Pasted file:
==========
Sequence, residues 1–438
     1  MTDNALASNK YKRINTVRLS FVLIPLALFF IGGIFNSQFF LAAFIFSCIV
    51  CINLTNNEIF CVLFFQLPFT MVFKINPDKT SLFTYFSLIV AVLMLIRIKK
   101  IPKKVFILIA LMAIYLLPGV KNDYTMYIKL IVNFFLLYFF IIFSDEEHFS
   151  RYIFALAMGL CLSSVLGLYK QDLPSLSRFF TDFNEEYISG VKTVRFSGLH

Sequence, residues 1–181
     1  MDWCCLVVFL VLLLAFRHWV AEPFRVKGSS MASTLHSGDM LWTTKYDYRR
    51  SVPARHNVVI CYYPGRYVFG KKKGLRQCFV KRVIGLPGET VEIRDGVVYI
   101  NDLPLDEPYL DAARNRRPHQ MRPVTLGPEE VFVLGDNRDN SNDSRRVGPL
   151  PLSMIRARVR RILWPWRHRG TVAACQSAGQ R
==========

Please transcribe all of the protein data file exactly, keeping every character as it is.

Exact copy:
Sequence, residues 1–438
     1  MTDNALASNK YKRINTVRLS FVLIPLALFF IGGIFNSQFF LAAFIFSCIV
    51  CINLTNNEIF CVLFFQLPFT MVFKINPDKT SLFTYFSLIV AVLMLIRIKK
   101  IPKKVFILIA LMAIYLLPGV KNDYTMYIKL IVNFFLLYFF IIFSDEEHFS
   151  RYIFALAMGL CLSSVLGLYK QDLPSLSRFF TDFNEEYISG VKTVRFSGLH

Sequence, residues 1–181
     1  MDWCCLVVFL VLLLAFRHWV AEPFRVKGSS MASTLHSGDM LWTTKYDYRR
    51  SVPARHNVVI CYYPGRYVFG KKKGLRQCFV KRVIGLPGET VEIRDGVVYI
   101  NDLPLDEPYL DAARNRRPHQ MRPVTLGPEE VFVLGDNRDN SNDSRRVGPL
   151  PLSMIRARVR RILWPWRHRG TVAACQSAGQ R